Category Archives: History

Best Punchers – The Heavyweights

*** FLASHBACK ~ This article originally appeared on dmboxing.com in June 2012

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By David Martinez / dmboxing.com

Here is my list of the 15 best punchers in the heavyweight division from the start of the Marquis of Queensberry era, (i.e.) 1892 to the present.  A formula that I am using to help illustrate this for each boxer is to show their percentage of knockouts which is calculated by the number of wins they had with the number of knockouts in those wins.  This formula isn’t intended to determine the order in which I have placed them; the order also includes my opinion of them as punchers.

I am not concerned about “who beat who”, how many times they were knocked out themselves or the results if they would have fought each other.  Their physical size or if they were a world champion has no bearing – this is strictly based on strength of punching power with the opponents they fought.  Why isn’t Muhammad Ali on this list?  Personally, I would take Ali to beat any of these punchers on my list – but mostly by decision wins and not by knockouts.  When I write rankings of boxers in any capacity I always get disagreements and feedback, so please know that I respect your opinions, and hope you will respect mine.

#1) Joe Louis (66 wins / 52 by KO = 78.7 %) Heavyweight champion 1940-1949. Defended title a record 25 times. He was a smooth, deadly puncher with tremendous power in either hand. His combinations had perfect accuracy with overwhelming power.

#2) George Foreman (76 wins / 69 by KO = 90.7 %) Two time heavyweight champion 1973-1974 and 1994-1997. He is recognized as one of the hardest hitters ever in boxing in any weight division. He is forth on my list in the percentage category of knockouts.

#3) Sonny Liston (50 wins / 39 by KO – 78.0 %) Heavyweight champion 1962-1964. The most intimidating heavyweight ever, his left jab alone was so powerful that it knocked opponents out – the jab – and his left hook was nothing less than devastating.

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Marvelous Marvin Hagler

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By David Martinez / dmboxing.com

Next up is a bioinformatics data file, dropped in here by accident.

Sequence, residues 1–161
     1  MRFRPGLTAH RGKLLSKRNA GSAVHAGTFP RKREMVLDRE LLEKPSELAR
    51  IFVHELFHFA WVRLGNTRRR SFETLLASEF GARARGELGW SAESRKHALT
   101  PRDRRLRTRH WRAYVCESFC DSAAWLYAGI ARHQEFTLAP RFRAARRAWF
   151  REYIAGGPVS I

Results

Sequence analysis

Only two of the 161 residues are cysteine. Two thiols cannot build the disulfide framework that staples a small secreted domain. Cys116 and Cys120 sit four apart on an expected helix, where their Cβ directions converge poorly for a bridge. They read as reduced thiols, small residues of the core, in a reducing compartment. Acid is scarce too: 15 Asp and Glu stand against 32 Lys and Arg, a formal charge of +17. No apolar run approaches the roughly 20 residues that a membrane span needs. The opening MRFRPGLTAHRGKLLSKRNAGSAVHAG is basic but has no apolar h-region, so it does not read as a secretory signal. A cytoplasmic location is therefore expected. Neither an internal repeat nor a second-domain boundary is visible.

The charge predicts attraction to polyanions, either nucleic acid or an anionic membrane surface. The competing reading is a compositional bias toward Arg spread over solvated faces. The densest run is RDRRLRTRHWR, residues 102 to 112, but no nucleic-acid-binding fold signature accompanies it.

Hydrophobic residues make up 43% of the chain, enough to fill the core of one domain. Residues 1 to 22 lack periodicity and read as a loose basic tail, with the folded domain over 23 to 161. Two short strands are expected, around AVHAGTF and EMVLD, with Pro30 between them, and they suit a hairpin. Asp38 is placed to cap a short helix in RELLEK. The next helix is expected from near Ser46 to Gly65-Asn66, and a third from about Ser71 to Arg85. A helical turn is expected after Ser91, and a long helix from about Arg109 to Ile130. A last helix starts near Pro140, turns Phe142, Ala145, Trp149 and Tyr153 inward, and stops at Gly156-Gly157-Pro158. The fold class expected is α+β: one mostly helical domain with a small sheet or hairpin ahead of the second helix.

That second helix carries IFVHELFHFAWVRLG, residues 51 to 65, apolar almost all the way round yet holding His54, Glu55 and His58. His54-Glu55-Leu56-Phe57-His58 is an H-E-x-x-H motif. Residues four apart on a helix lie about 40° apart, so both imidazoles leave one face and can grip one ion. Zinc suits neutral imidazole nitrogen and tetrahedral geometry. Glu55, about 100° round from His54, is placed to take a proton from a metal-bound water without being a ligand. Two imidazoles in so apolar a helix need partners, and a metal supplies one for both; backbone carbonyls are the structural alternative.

My favorite and the second best middleweight (160 lbs.) champion, next to Carlos Monzon, that I have seen in the past half century (50 years) in boxing is Marvin Hagler (62-3-2 / 52 by KO).

The greatest middleweight and “pound for pound” boxer EVER was Sugar Ray Robinson.

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A southpaw, Hagler threw a lead right hand jab that was absolutely and unbelievably devastating. His round one with Thomas Hearns and round six with John Mugabi were highlight reels for every boxing fan.

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Hagler vs. Hearns – REVISITED

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By David Martinez / dmboxing.com

April 15th is approaching this coming week and most think of it as ‘Tax Day’, which is rightfully so. But, I think otherwise to April 15, 1985 – The Fight of the Year, The Round of the Year (round one), and The Fight of the Decade (eighties) – Marvin Hagler (60-2-2 / 50 by KO) vs. Thomas Hearns (40-1 / 34 by KO) for the ‘undisputed’ middleweight championship of the world at Caesars Palace, Las Vegas.

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Hagler, normally a slow starter, came out at the opening bell pinning Hearns to the ropes. Hearns threw a devastating right that stunned Hagler for a moment, as both began to trade power punches with knockout intentions. Hagler stunned Hearns with a hard left hand, becoming the aggressor, as the two continued to trade power punches. This vicious action continued, and suddenly Hagler developed a cut on his forehead, but that didn’t stop him as he pinned Hearns to the ropes and continued his assault, hurting Hearns as that blistering round ended.

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The Olympic Auditorium: A Look Back at a Grand Venue (Part 2 of 2)

I am delighted to bring you a feature article that was published on dmboxing.com in August 2012, and is one of my favorites.  It is about a historic venue that I remember growing up as a kid; I attended many boxing and wrestling matches there.  My friend Bob Quackenbush captures it all in his excellent piece.  This is part two, as part one was just posted last week for your viewing.

By Bob Quackenbush / dmboxing.com

olympic auditorium 1970s The Olympic Auditorium: A Look Back at a Grand Venue  (Part 2 of 2)

Though boxing was the sport that put the Olympic Auditorium on the map, legions of young fans in the 1950’s, 60’s, and 70’s remember this place as the hallowed ground of Championship Wrestling.  Throughout the 1930’s, matches were held there regularly; but with the growth of television, later wrestlers such as Gorgeous George, Lou Thesz, Count Billy Varga, Freddie Blassie, the Destroyer, Mr. Moto, Mil Mascaras, Bobo Brazil, John “the Golden Greek” Tolos, Harold Sakata (who played the role of Odd Job in the movie “Goldfinger”), and Rocky Johnson (father of Duane “the Rock” Johnson) became household names.  Presided over by an actor-turned newscaster-turned sports announcer, the great Dick “Whoa Nellie” Lane, they were incredible shows in the pre-WWF days.